The recommendations 408 may be further tailored using techniques known in that art, such as sorting and filtering based on aspects unrelated to compatibility. For example, the recommendations 408 could be limited to a particular price range before or after the scan took place. Selecting an item from the recommendations 408 may activate a link that leads to a detailed page for a particular product, with data such as pictures, owner's manuals, ratings, etc. The Web site may include other product-related objects that can interact with the home network functionality exposed by the scanner. For example, the Web page for some products may have a computer executable object (e.g., a Java Applet) that simulates a product's functionality. In such a case, the user can try out functions such as on-screen menus, and see how the simulator interacts with the identified devices 404 and media 406. While such a simulator may not be able to determine physical compatibility with the home network, it can provide, for example, indications of software compatibility and ease of use.

As previously indicated, a scanning component according to embodiments of the invention may run on locally or remotely located apparatuses. In reference now to FIG. 5, a sequence diagram illustrates a device and media scanning procedure according to an embodiment of the invention. In this scenario, a home network environment 500 includes scanning software that may run, for example, on a fixed computing component such as a home server or a user device 510. The home network environment 500 includes coupled home device 506, 508, and user device 510. Although two devices 506, 508 are shown, it will be appreciated that the concepts described herein can be extended to any number of devices that may be expected to be used in the home domain 500. The user device 510 has a user interface and software such as a browser that provides user access to an externally located (e.g., Internet based) online shop 502.

The home network 500 may refer to any collection of networked devices that are located in one or more physical spaces, such as homes, small businesses, industrial environment, vehicles, or any combination of the aforementioned. Access to remote entities such as the online shop 502 may be provided via an Internet Service Provider (ISP) and accessed by way of a gateway/router (not shown). In this example, the user device 510 visits 512 a Web site of the online shop, and triggers a request 514 for the scanning, such as by activation of a Web page object. This request is directed to the scanning software 504, by a direct connection from the online shop 502, redirection by the user device 510, or interception by an intermediary such as home gateway. In one embodiment, the scanning software 504 may exist as a plug-in to a browser of the user device 510. In such a case, an additional step (not shown) of downloading and installing the plug-in may occur before the request is received 514 and processed.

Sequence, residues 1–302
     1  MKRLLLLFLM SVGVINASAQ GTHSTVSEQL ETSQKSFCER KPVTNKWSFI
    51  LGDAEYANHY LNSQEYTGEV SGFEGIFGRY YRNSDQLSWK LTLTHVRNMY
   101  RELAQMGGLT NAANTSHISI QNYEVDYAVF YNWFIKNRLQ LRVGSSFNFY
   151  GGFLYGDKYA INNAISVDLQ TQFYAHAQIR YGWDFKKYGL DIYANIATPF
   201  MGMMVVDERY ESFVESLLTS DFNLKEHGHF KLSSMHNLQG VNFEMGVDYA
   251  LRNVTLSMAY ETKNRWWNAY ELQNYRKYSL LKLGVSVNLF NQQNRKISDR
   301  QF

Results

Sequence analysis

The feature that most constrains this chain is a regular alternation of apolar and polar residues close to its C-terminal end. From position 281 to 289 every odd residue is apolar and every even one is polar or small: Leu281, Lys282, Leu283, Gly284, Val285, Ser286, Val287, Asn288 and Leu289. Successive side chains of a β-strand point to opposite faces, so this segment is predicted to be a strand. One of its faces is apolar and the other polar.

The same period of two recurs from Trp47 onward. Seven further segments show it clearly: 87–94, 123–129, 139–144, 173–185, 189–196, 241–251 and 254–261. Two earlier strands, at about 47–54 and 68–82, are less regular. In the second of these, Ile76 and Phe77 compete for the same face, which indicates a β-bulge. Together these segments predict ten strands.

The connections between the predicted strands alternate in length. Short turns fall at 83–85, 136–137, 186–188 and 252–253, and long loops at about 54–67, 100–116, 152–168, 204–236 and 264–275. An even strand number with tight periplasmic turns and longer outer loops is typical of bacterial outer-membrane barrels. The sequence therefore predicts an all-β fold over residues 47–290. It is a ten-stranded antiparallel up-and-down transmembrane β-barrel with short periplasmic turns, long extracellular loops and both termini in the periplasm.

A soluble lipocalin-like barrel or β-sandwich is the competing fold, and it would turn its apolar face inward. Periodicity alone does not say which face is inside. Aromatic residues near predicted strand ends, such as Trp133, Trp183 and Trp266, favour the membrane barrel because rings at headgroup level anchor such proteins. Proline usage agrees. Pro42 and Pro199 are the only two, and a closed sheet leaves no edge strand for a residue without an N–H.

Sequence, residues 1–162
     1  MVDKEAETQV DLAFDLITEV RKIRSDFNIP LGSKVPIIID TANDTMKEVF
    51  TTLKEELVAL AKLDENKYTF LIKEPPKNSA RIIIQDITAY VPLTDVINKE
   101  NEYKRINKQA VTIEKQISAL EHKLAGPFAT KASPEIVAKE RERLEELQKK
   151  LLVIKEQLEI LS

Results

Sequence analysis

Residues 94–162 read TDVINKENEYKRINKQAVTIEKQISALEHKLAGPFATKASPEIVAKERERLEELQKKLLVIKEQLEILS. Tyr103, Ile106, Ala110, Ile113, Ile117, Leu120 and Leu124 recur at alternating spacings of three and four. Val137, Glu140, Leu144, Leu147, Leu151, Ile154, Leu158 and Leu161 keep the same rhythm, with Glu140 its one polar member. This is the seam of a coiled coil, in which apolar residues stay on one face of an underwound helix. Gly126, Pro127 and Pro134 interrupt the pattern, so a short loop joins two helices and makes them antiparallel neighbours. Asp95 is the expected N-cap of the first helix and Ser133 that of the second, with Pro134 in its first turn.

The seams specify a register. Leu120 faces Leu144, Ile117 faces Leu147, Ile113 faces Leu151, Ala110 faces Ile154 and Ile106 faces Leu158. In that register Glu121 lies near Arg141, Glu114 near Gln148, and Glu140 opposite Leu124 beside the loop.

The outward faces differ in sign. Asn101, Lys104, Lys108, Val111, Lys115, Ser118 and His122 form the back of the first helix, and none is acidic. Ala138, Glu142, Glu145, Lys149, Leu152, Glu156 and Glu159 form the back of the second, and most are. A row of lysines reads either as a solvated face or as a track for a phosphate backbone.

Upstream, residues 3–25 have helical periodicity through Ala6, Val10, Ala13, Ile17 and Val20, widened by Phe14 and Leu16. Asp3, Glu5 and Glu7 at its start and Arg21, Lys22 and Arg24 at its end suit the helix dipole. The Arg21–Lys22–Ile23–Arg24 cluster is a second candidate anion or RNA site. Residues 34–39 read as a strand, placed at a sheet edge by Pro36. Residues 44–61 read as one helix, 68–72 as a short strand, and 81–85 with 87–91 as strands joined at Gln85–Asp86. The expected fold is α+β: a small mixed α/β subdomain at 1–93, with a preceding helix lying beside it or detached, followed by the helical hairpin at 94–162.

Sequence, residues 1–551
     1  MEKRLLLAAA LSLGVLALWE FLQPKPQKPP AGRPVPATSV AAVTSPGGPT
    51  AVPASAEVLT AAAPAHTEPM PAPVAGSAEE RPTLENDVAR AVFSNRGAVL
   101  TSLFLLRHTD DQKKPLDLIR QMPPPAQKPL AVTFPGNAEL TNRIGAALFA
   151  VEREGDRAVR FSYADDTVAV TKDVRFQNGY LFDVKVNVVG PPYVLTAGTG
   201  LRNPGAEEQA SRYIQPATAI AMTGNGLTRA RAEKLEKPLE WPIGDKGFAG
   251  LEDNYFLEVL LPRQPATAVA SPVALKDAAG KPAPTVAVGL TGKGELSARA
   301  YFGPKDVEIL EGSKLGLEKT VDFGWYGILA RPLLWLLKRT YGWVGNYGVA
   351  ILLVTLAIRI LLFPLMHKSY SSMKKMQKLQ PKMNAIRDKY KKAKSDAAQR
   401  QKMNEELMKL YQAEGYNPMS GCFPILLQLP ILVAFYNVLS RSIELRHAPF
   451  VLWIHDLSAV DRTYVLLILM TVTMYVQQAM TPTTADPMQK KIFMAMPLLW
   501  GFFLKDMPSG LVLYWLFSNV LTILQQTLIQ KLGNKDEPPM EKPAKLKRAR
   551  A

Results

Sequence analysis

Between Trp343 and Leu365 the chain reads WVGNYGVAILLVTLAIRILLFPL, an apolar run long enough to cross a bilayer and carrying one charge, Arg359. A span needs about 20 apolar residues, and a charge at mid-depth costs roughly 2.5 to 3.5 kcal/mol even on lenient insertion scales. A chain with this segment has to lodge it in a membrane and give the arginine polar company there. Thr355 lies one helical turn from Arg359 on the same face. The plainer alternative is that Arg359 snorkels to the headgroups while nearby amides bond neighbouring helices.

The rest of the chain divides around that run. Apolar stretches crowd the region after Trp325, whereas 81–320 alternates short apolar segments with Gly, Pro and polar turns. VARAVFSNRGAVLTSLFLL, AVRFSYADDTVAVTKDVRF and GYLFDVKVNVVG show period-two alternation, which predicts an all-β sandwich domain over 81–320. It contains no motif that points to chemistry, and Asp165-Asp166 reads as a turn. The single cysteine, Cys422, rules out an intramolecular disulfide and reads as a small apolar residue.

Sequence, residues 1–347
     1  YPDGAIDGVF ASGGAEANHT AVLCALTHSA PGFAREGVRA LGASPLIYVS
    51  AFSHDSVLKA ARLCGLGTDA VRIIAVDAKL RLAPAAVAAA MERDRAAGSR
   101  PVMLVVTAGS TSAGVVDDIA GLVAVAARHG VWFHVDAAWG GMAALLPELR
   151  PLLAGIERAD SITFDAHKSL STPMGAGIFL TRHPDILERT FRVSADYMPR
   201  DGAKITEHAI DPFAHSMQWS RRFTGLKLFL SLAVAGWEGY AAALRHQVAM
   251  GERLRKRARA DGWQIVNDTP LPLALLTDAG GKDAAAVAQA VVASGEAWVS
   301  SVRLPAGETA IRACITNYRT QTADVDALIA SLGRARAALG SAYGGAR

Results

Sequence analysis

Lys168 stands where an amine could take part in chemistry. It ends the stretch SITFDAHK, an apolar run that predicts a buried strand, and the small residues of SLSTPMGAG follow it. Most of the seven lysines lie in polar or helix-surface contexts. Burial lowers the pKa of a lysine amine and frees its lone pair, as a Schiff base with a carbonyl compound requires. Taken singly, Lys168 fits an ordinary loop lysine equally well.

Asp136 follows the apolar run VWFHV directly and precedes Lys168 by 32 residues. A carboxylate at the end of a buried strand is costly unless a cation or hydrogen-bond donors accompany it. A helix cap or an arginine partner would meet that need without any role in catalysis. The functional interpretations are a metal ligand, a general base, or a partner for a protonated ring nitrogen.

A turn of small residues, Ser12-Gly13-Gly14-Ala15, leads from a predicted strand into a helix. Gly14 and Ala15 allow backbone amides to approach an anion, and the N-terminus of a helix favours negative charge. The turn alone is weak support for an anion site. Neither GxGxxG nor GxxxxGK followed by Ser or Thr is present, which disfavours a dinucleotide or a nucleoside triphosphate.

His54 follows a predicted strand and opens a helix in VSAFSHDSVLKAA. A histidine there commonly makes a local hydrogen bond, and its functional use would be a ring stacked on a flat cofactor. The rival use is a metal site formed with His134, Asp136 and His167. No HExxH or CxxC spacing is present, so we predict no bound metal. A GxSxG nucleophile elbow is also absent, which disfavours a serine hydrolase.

Before scanning commences, authorization by the user 510 may be requested 516. Assuming that the user confirms 518 that the scan is allowed, the software component 504 begins scanning 520, 522 devices 506, 508, respectively. The scanning 520, 522 may include the sending of queries, such a UPnP m-search messages. In response, the requested device and/or media descriptors are gathered 524, 526 by the scanning software 504, which compiles 528 the data into a format usable by external entities such as the online shop. It will be appreciated that the gathering of data 524, 526 may occur at any time, including before the scan is requested 514. The gathering 524, 526 may also include obtaining data that was not specifically requested 520, 522, such as broadcast/multicast service advertisements.

There may be advantages to regularly scanning 520, 522, gathering 524, 526, and compiling 528 the device and media data. For example, pre-compiled and cached data may include data from devices that are presently turned off when the request 514 is sent. In some arrangements, the scanning software 504 may be resident on a device that already performs such characterization of the network devices 506, 508 for other purposes. For example, a home UPnP device may already perform scanning 520, 522 and/or gathering 524, 526 in order to interact with other UPnP devices. In such a case, the software may need only to access the existing data gathered by a UPnP module, and create the compilation 528 out of that data.

The compilation 528 (comprising device, media file, application and API data) may include any combination of parsing, reformatting, data reduction (e.g., removing redundant or irrelevant data), etc. For example, the software 504 can remove any privacy data that might be used to indicate user identity, such as network service set identifiers (SSID), hostnames, usernames, etc. Similarly, any media data collected should be devoid of any identification of content (i.e. metadata), but only provide indications of format and access protocols. Once prepared, the compiled data (or composition data) 528 is sent as a device/media profile 530 to the online shop 502 in response to the request 514.